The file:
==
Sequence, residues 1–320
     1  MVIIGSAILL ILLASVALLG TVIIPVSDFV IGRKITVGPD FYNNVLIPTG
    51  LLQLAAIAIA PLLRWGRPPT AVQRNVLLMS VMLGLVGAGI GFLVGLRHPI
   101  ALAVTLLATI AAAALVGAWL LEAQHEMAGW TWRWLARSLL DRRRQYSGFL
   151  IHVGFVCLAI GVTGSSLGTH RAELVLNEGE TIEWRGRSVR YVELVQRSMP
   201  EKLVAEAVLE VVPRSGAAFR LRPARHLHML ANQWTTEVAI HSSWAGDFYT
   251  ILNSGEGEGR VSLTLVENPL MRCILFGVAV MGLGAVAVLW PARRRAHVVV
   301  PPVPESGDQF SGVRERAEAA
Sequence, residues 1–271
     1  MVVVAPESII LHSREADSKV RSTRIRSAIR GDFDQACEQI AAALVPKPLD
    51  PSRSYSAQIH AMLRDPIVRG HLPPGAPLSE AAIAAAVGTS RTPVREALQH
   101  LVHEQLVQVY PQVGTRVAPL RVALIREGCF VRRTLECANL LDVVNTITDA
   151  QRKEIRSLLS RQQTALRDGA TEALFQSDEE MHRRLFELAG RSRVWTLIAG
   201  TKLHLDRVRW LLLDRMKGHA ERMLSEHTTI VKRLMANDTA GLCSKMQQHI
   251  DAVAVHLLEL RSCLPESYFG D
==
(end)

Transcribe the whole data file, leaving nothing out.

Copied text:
Sequence, residues 1–320
     1  MVIIGSAILL ILLASVALLG TVIIPVSDFV IGRKITVGPD FYNNVLIPTG
    51  LLQLAAIAIA PLLRWGRPPT AVQRNVLLMS VMLGLVGAGI GFLVGLRHPI
   101  ALAVTLLATI AAAALVGAWL LEAQHEMAGW TWRWLARSLL DRRRQYSGFL
   151  IHVGFVCLAI GVTGSSLGTH RAELVLNEGE TIEWRGRSVR YVELVQRSMP
   201  EKLVAEAVLE VVPRSGAAFR LRPARHLHML ANQWTTEVAI HSSWAGDFYT
   251  ILNSGEGEGR VSLTLVENPL MRCILFGVAV MGLGAVAVLW PARRRAHVVV
   301  PPVPESGDQF SGVRERAEAA
Sequence, residues 1–271
     1  MVVVAPESII LHSREADSKV RSTRIRSAIR GDFDQACEQI AAALVPKPLD
    51  PSRSYSAQIH AMLRDPIVRG HLPPGAPLSE AAIAAAVGTS RTPVREALQH
   101  LVHEQLVQVY PQVGTRVAPL RVALIREGCF VRRTLECANL LDVVNTITDA
   151  QRKEIRSLLS RQQTALRDGA TEALFQSDEE MHRRLFELAG RSRVWTLIAG
   201  TKLHLDRVRW LLLDRMKGHA ERMLSEHTTI VKRLMANDTA GLCSKMQQHI
   251  DAVAVHLLEL RSCLPESYFG D